This topic has been coming up a lot recently, and also came up in yesterdays voice intensive, so I wanted to talk about it this week. As an aside, I’ve been trying to write this article for several months. It’s a difficult and somewhat abstract/subjective topic to discuss.
What makes a song “feel high”?
If you’ve EVER tried to sing a song that seems like it’s at the limits of your capacity, or beyond, you’ve experienced that sensation of “that song feels high“… but if we get ‘reductionist’ on this statement, what do we really mean?
The idea of a song feeling high/too high can actually be viewed as multiple issues wrapped up in one: Continue reading “What makes a song “feel high”?”
Something I encounter a lot is the phenomenon of the vocal professional who suddenly finds themselves having voice problems. Here’s what normally happens.
At first, the issues are usually shrugged off. Errors are discounted as “just one of those gigs” to others, but inwardly they are a little apprehensive as to why their voice was misbehaving or feeling so off.
Then the issue worsens
Usually in both in severity and frequency. The odd gig starts to get cancelled, and it takes the singer longer and longer to “recover” from one gig for the next one.
Shortly afterwards, the inexorable public announcement follows – typically on their Facebook page – along the following predictable lines… Continue reading “Why vocal problems so regularly derail careers”
Why is a little bit of knowledge so dangerous?
Before we get to Dunning-Kruger and the voice, let’s start illustrating with something a bit more tangible: Here is a scientific journal study on whether maximum bench press is affected by doing the exercise on a bench vs an inflatable ball. The study concluded there was no difference in muscle activation between the two – i.e. benching on a bench vs swiss ball = no difference.
I spoke with an Olympic/Commonwealth powerlifting coach about this. Other than calling b******t, he commented that with any real weight on the bar, the ball would burst! Practically, it makes zero sense for someone with any real-world experience weightlifting to even ask whether a swiss ball and a bench could be equivalent for the bench press, let alone conduct an entire study and draw such a conclusion. The researchers therefore clearly lack sufficient real-world experience and understanding in what it takes to lift weights, and yet bizarrely are researchers in this field.
The world of voice
Continue reading “Dunning-Kruger Effect: A little bit of knowledge is a dangerous thing”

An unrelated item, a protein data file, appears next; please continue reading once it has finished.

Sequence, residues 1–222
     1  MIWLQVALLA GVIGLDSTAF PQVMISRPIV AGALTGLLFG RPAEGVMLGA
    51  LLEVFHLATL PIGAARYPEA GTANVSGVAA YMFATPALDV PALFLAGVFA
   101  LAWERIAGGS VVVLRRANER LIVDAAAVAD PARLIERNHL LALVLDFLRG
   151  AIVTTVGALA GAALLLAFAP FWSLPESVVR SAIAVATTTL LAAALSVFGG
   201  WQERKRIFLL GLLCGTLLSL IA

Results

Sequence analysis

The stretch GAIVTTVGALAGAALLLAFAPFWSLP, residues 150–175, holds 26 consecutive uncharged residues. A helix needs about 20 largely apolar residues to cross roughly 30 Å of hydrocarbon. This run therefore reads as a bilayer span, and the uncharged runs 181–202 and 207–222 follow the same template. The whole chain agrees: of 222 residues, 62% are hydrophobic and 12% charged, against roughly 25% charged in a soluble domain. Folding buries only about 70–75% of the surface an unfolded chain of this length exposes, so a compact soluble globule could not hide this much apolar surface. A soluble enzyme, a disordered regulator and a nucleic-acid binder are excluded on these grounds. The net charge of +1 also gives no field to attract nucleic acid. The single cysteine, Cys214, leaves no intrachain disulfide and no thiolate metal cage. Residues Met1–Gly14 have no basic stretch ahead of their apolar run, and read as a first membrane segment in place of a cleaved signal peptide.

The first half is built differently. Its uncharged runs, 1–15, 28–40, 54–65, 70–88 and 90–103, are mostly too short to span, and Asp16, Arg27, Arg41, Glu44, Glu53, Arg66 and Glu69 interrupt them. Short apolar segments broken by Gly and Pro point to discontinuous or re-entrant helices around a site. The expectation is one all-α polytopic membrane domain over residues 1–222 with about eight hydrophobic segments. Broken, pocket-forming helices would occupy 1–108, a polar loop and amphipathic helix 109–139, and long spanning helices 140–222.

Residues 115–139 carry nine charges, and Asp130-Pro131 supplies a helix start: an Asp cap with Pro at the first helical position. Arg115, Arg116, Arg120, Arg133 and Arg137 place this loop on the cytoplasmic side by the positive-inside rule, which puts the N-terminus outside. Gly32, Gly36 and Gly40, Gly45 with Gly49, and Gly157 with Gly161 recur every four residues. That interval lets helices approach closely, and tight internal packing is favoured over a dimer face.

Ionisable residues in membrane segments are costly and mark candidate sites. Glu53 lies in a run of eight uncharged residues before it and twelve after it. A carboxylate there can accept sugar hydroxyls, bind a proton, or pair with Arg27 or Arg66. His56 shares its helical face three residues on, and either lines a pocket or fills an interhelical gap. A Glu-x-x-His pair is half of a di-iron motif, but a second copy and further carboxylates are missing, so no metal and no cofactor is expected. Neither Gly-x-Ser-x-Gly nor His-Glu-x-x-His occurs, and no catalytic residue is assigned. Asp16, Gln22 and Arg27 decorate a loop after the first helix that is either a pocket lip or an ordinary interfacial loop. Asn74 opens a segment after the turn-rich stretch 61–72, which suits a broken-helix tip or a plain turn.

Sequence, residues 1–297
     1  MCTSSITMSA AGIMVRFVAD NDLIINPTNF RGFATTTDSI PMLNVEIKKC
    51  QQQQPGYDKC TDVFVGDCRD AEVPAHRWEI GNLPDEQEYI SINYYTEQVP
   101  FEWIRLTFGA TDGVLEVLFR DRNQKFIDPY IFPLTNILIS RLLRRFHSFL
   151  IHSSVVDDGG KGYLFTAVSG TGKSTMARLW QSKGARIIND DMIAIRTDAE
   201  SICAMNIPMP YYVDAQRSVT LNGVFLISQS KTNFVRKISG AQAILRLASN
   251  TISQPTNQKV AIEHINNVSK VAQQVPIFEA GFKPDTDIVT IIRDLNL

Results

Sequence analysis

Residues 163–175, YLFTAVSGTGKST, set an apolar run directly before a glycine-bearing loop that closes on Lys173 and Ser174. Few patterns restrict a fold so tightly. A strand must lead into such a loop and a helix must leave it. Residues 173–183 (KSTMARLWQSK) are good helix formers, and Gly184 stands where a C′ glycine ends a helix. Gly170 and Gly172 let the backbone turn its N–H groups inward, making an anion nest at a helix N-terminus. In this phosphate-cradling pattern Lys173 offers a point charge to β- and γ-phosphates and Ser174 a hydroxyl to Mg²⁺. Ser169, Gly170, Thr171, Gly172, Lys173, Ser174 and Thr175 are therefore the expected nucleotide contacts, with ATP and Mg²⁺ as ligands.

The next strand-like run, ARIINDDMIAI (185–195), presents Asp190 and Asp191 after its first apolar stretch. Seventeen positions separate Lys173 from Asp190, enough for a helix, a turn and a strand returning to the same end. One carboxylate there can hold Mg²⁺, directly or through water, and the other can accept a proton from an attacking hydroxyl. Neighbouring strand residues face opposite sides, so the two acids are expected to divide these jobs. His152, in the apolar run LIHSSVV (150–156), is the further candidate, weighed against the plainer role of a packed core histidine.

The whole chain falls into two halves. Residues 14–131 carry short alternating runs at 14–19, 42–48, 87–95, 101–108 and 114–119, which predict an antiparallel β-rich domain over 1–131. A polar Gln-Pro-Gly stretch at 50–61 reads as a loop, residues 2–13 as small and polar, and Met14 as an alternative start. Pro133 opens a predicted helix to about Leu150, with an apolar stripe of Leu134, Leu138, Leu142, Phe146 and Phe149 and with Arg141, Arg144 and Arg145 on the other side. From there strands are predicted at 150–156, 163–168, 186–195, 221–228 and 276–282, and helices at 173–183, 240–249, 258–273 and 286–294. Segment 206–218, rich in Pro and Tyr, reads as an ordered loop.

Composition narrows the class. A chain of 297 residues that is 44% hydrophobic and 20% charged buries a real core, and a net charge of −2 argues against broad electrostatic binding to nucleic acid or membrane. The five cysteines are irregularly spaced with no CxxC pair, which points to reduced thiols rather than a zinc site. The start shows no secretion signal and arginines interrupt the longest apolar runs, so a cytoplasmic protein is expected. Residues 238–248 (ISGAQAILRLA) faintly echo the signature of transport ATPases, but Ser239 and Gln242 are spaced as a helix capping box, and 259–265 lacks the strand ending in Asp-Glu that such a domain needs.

I had an question recently regarding how to deal with performance anxiety. I answered their query directly but wanted to flesh out my answer more here, as they are not the only singers struggling with performance anxiety.
What is performance anxiety?
In short, it’s a heightened sense of worry or fear associated with execution of a particular skill, e.g. going on-stage, or having to output something where you feel judged by others. This could be performance of a sport, a speech, exam, etc as much as it something to do with music. It’s anything where all your work has built up to a specific execution of your skill, and you will be in some way judged or have an opinion formed of you by others based on said performance. Continue reading “Performance Anxiety – What is it? Where does it come from? What can we do about it?”
We had a wonderful voice intensive event yesterday, with some lovely singers focused on developing and improving their voices.
One of the many great questions/ponderings that was raised was around the challenge of “trying to find my own sound“.
Finding your sound
It’s an all too common experience for singers – both for singers who are just starting out as well as for more experienced singers – to go on a mammoth journey trying on different vocal “fashions” in repeated attempts to find “their sound“. A singer will try singing this way, or that way; they’ll try singing like singer X or singer Y; singing with more air, with less air; more volume here, less volume there; etc.
Those who then go read online singing forums or scour Youtube for singing self-help and how-to videos then discover smaller degrees of control advised by many online personalities, e.g. try singing by raising your larynx, or by lowering their larynx, by attempting to have more or less vocal fold adduction, more or less nasal resonance, stick your tongue out, pull your tongue back, etc. — NOTE: If you’re confused or bewildered by these ideas, I’m not surprised! I am NOT advocating you go and try any of these confusing ideas, just keep reading.
If you’re reading this article, you likely relate to the above experiences, and may still be going through this mammoth journey trying to “find your sound“. Continue reading “Finding your sound”
The thing with being a voice coach and spending almost the entirety of every day immersed in voice, is that your ear gets exposed to so much music being made by many different kinds of people. Time and the experience that comes therewith is the great educator in this regard. Things that seemed so exciting and interesting when you first start rapidly expose themselves to be a novelty. Things that maybe seemed a bit boring actually start to reveal a deeper nuance that I just wasn’t experienced to hear in the first instance. Glacially speaking, your ear starts to pick out subtleties and seeking out depth of quality in a way that isn’t possible just as a casual enthusiast.
So when people ask me…
“What do you think of THAT singer?”
… that’s really quite an enormous question. I’m not just hearing their voice or their music, I’m taking in a wide variety of different factors, whilst also trying to ignore factors that should not be relevant for the purposes of assessing a voice. We as humans are far too swayed by psychological factors that skew our judgment. Continue reading “Singers: The difference between Vocalists and Performers”